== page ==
Silence and Words
January 24, 2012
By Stephen A. Trosley
I watched from the window of my house as my brother went to his car to find something. It was snowing: a gentle, quiet earth-fall of myriad miniature angels through the late-night sky.
He went past the car to the street corner and stood looking at the sky. He stood there a long time.
When he came in I asked him what he had been doing. “Enjoying the silence. Just reflecting on it,” he said.
Pope Benedict XVI has set the theme for the World Communications Day as Silence and Word: Path of Evangelization. It’s a wonderful coincidence that I would have a memory of my parish-priest brother reflecting on silence just a few weeks after penning an editorial for my former newspaper about the importance of filtering out the noise of the 2012 election year.
The national media love the cacophony and confusion – media attracts chaos-lovers – and the mighty machine will be serving a flood of trivia, tripe and truth for us to digest in the days ahead. We would do will to listen carefully and ponder before we decide to join the din.
And it is an incredibly important election year for Catholics and people of faith. When the incumbent president and his administration chooses to use his communications skills to mock our commitment to life and morality on the anniversary of the Roe vs. Wade decision, we must consider the message in silence and counter it with the Word.
President Obama’s first slap is to require most religious institutions that offer health care plans to provide free contraception drugs and services, regardless of our moral beliefs. The backhand side of the slap came with his January 23 statement that Roe vs. Wade must be preserved “to protect our daughters’ dreams.”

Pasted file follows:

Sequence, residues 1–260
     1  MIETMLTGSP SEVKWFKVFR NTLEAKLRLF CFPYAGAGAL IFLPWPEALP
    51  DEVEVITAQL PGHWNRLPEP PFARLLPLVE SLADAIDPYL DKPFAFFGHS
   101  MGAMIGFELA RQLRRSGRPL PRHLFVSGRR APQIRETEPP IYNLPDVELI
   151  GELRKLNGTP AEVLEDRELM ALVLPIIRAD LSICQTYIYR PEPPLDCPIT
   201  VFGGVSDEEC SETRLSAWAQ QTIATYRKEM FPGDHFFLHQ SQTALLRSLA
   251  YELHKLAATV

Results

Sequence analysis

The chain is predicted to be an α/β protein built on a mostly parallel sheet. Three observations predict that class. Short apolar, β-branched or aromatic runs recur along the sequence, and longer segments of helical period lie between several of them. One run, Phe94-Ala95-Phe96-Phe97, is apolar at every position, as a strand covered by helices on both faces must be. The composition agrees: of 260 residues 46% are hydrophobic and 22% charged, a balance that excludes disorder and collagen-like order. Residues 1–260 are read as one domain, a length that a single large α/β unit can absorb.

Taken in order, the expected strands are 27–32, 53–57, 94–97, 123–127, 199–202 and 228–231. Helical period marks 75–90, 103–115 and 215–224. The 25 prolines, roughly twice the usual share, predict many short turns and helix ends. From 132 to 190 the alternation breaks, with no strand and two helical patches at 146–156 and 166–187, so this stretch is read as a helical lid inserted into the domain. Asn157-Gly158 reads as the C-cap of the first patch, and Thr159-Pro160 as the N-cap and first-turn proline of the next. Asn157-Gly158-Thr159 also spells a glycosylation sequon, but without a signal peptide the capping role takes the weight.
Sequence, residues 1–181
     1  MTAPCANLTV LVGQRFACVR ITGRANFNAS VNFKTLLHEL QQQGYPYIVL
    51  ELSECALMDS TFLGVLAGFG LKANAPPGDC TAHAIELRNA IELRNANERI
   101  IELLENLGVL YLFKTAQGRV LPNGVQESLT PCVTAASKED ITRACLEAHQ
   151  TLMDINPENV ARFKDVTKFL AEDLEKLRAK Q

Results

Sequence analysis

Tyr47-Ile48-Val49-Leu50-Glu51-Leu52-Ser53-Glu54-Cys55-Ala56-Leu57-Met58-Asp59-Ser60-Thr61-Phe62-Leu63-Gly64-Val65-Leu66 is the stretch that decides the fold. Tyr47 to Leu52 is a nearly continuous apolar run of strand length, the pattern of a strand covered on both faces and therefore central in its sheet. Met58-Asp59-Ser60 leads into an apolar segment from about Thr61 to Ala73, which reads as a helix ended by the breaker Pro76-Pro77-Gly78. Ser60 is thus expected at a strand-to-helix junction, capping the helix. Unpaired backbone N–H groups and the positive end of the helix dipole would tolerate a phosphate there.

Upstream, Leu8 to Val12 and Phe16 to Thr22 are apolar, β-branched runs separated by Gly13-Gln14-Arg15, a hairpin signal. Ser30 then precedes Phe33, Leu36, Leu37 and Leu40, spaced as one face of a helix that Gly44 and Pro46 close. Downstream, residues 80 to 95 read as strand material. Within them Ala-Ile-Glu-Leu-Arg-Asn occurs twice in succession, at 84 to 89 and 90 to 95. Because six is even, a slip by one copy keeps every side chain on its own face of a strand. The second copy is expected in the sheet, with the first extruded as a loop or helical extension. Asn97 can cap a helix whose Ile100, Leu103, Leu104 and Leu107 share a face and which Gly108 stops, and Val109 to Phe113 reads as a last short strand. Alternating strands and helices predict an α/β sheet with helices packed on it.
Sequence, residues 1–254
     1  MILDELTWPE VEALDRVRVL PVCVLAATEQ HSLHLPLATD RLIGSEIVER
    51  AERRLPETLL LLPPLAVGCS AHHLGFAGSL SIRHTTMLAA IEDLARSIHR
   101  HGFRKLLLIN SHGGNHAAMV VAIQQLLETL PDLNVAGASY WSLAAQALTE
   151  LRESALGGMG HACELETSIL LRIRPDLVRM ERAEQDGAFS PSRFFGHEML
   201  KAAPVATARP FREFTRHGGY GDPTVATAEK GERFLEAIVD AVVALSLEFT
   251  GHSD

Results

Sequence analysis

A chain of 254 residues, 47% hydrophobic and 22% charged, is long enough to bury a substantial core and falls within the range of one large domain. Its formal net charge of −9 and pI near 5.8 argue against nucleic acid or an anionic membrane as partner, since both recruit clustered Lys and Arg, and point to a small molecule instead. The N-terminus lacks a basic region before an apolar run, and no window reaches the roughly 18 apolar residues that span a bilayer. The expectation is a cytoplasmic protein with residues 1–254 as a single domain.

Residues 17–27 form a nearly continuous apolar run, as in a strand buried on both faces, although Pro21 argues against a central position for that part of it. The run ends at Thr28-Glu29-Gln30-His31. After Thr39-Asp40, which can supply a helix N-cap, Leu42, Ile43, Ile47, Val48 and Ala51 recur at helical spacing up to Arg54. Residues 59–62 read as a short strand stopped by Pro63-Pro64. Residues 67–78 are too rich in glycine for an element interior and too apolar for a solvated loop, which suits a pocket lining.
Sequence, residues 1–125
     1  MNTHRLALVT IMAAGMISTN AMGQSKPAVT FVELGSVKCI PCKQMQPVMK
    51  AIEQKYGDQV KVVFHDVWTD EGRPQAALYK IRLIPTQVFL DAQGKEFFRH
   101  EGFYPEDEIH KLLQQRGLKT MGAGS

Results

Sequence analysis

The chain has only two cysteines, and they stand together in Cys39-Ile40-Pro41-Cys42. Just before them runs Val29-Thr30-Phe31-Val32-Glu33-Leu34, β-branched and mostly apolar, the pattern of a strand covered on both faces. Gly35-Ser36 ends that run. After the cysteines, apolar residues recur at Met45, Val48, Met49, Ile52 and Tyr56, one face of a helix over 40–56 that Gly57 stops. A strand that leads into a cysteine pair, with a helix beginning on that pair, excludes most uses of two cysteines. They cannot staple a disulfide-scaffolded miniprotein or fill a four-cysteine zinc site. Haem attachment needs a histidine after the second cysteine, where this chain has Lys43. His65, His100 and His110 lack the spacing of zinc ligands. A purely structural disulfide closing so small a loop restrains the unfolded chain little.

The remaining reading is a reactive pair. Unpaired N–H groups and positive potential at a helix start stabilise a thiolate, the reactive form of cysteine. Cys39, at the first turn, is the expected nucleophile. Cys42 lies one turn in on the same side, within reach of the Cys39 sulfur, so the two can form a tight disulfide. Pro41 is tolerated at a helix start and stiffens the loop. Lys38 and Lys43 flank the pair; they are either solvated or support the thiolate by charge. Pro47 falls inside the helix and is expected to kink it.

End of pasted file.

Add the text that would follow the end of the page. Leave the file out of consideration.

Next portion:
To denigrate bringing life into the world as an obstacle to achieving some career dream is not only a grievously flawed rationale. It is an insult to the women who have found a way to be nurturing mothers and still be productive in the secular world.
And this comes just a week after the U.S. Department of Health and Human Services imposed its free contraception mandate in the Patient Protection and Affordable Care Act on all insurance plans, with few exemption allowed for institutions that have a religious objection – when hundreds of waivers have already been granted on other ACA rules.
Writes Cardinal-designate Timothy Dolan, Archbishop of New York and President of the U.S. Conference of Catholic Bishops: “The HHS mandate puts many faith-based organizations and individuals in an untenable position. But it also harms society as a whole by undermining a long American tradition of respect for religious liberty and freedom of conscience.”
This statement concludes: “We ask Congress, the Administration, and our fellow Americans to acknowledge this truth and work with us to reform the law accordingly.”
The administration wants to make Americans co-conspirators in its efforts to institutionalize these unacceptable immoral practices. We cannot support this effort.
So as the Holy Father advises on this World Communications Day, we must consider this in silence. We must consider our words and The Word Made Flesh. Then we must evangelize and pray for the conversion of those who promote and facilitate these practices, especially those in high public office.
Stephen Trosley is the Editor of The Catholic Telegraph